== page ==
Length: 271 pages
Genre: Middle Grade, Fantasy, Children’s Fiction
Publisher: Bloomsbury Publishers
Date of Publication: 8th August, 2019
Rating: 4/5 stars
Disclaimer: I received an uncorrected copy of the book in return for an honest review
When Bloomsbury offered a choice of titles for review, I was drawn to this book. As an avid reader of Fantasy, I sometimes feel like I can predict the story when I read the blurb. This is one of the few books where I had no idea where the author would lead us to and that made me want to read the book at any cost.
I like reading uncorrected proofs sometimes. They give an insight to the author’s creative process as well as an idea of what goes into editing. But with this book, I have a feeling that the published book would have had a lot of cool artwork which was missing in my copy. I hope I get to see them some time in the future.
“It is a well-known fact that fairies are born from a baby’s first laugh. What is not as well documented is how monsters come into being …
This is the story of a creature who is both strange and unique. When he hatches down in the vast underground lair where monsters dwell, he looks just like a human boy – much to the disgust of everyone watching. Even the grumpy gargoyles who adopt him and nickname him ‘Imp’ only want him to steal chocolate for them from the nearby shops. He’s a child with feet in both worlds, and he doesn’t know where he fits.
But little does Imp realise that Thunderguts, king of the ogres, has a great and dangerous destiny in mind for him, and he’ll stop at nothing to see it come to pass….“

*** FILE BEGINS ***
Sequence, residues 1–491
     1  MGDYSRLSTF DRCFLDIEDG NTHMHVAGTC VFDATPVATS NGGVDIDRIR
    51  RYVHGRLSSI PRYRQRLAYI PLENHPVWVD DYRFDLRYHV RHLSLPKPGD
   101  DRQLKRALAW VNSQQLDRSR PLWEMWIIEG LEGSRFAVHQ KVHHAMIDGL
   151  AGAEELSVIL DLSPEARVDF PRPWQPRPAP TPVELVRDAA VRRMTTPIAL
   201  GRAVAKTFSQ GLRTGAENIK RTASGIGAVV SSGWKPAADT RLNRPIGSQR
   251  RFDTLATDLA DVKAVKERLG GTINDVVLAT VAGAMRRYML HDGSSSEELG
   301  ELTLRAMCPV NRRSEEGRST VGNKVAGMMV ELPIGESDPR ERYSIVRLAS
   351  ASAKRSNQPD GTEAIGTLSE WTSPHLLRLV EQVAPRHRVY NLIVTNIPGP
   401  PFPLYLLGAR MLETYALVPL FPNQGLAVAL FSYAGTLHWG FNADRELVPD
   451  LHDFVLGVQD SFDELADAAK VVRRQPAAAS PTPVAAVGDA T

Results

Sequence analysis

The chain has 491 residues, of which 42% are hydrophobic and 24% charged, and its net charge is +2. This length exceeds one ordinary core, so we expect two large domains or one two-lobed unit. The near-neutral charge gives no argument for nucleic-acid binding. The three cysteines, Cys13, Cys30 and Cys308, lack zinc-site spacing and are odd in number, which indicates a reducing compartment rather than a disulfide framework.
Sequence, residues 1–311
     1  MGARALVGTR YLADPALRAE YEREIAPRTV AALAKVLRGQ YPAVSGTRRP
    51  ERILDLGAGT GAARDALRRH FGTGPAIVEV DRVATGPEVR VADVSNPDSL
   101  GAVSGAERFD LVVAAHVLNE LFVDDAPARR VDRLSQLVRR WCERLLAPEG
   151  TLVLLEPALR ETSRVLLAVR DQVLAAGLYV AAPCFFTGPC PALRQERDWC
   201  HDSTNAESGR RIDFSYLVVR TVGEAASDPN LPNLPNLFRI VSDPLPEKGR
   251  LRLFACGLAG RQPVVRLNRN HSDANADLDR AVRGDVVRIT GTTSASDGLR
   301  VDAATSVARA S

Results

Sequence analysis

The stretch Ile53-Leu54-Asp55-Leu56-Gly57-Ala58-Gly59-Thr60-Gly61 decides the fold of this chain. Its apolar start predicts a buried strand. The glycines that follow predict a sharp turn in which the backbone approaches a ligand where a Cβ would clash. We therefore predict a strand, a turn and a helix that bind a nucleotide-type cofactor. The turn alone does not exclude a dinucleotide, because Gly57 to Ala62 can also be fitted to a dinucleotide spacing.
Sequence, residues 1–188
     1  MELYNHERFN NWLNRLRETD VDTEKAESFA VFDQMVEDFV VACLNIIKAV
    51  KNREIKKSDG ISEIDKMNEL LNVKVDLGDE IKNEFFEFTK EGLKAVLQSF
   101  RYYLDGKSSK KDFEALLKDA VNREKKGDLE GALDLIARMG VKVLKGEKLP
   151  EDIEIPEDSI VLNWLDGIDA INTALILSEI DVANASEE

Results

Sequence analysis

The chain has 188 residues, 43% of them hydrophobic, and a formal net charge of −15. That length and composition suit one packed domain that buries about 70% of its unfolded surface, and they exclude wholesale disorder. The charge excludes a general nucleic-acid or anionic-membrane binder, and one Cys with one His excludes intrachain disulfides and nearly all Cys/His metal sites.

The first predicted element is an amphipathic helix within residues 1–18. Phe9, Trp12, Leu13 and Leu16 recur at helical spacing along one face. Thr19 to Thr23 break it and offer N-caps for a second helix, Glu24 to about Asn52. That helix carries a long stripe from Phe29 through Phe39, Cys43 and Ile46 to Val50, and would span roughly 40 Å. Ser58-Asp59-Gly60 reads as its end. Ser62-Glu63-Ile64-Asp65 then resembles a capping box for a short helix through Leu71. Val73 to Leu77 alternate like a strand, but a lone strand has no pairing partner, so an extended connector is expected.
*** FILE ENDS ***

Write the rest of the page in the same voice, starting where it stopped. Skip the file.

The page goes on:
The book hooked me in right from the beginning. The technicalities of the birth of a monster had enough of realism mixed with the fantasy aspect to feel like its something that could possibly happen. I wasn’t sure if I liked the protagonist in the beginning but as the story progressed I couldn’t help but feel sorry for him. He is sweet, loving and innocent and all his decisions are based on what his heart tells is right.
As soon as the Gargoyles came into the story, I fell in love with them. I am a sucker for characters with a gruff exterior and molten chocolate insides. I kept waiting for one of the ‘good’ characters in the story to betray the Imp because they gave off that kind of vibes. It is a reflection on the author’s storytelling prowess that she kept me guessing who that character would be till the very end. I was curious to see how the author would handle introducing multiple fantasy creatures and if the story would get lost in the details but that was not the case.
I loved how unpredictable the story was. Although it has been categorised as ‘Middle Grade’ it could very easily sell as Young Adult and wow the target audience. The concepts of loss and guilt, of the need to belong and the camaraderie shown by the characters will definitely interest a wide age range. The book is equal parts funny and sad. The dialogues are witty and sassy. It was a brilliant read especially as a debut novel and I can’t wait to see what the author comes up with.
T.C. Shelley studied Creative Writing and Literature at University. She has been teaching English for over twenty years and her first school was classified as the most remote in Australia. She loves an audience and long before she took up teaching was writing and performing her poetry and short stories.
Shelley began writing novels to entertain her daughter, who wisely suggested that she try to get them published.
She lives with her husband, her daughter and two dogs in Perth, Western Australia. She loves to travel and isn’t frightened of being lost.
TL;DR: A brilliantly written debut that keeps you on your toes
Have you loved any grey character that can be classified as ‘the monster who wasn’t’?
Tell me in the comments below or on my Instagram @the_food_and_book_life